Queen to grace Suffolk

SUFFOLK is today preparing to welcome Her Majesty the Queen for a Maundy Service in St Edmundsbury Cathedral.

Tom Potter

SUFFOLK is today preparing to welcome Her Majesty the Queen for a Maundy Service in St Edmundsbury Cathedral.

It will be the first time since her golden jubilee in 2002 that the head of state has visited the county - when her arrival by helicopter was awaited by thousands in Alexandra Park, Ipswich.

On April 9, the Queen will be accompanied by The Duke of Edinburgh for the service on the last Thursday before Easter.


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The Royal visit to Bury St Edmunds will recognise the service of elderly people to their community and church and will include the distribution of the Royal Maundy to 83 men and 83 women - the same number as the Queen's age.

The tradition of the Sovereign giving sterling silver Maundy coins dates from the thirteenth century - when food and clothing were also distributed to the poor. However, the more outdated custom of washing the recipients' feet has not been performed by a monarch since James II.

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The Royal Maundy service used to take place in London, but early in her reign the Queen decided that the service should take place at a different cathedral every year. During Holy Week the Queen presents special Maundy money to local pensioners in a local cathedral or abbey.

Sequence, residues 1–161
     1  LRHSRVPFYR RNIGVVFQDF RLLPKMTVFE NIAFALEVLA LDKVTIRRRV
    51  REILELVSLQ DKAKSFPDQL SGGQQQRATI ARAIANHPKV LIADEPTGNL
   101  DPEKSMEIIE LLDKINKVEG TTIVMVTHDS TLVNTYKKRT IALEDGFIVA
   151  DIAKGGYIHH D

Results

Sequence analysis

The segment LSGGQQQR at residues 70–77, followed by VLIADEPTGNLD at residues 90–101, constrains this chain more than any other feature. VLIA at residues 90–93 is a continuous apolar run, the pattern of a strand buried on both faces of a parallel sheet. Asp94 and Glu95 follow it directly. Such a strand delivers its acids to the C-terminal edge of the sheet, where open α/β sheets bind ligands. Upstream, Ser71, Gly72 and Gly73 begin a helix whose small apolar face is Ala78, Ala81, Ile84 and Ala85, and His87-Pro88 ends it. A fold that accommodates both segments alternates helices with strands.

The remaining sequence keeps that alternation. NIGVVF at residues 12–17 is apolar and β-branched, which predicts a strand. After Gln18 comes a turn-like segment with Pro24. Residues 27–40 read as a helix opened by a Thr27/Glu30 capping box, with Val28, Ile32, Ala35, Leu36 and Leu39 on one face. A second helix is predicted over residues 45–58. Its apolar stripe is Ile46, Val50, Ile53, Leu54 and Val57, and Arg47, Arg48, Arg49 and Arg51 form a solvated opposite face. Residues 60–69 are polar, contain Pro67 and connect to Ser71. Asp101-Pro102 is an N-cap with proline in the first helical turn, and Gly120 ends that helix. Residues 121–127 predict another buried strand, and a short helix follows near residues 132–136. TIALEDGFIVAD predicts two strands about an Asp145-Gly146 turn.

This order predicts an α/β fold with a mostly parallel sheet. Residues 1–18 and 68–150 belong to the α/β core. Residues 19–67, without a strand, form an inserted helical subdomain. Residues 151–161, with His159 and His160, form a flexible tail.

Canon Michael Hampel, sub-dean of the cathedral, was thrilled to hear the Queen had selected at St Edmundsbury for the location of the Maundy service. He said: “We are delighted and honoured that the Queen has chosen to distribute the Royal Maundy in Suffolk, the first time this has happened at St Edmundsbury Cathedral.

“It will be a significant moment in the cathedral's history and in the life of the cathedral community.”

The history of the Maundy money tradition:

- The money giving custom has remained in much the same form since 1670 and the Queen has distributed Maundy on all but four occasions since coming to the throne in 1952.

- The Maundy coins have traditionally been struck in sterling silver, except for the brief interruptions of Henry VIII's debasement of the coinage and a change to 50 percent silver coins in 1920. The sterling silver standard was resumed following the Coinage Act of 1946.

- In 1971, when decimalisation took place, the face values of the coins were increased from old to new pence.

- The effigy of the Queen on ordinary circulating coinage has undergone three changes, but Maundy coins still bear the same portrait of Her Majesty prepared by Mary Gillick for the first coins issued in the year of her coronation in 1953.

- The word Maundy comes from the command or mandatum by Christ at the Last Supper, to love one another.

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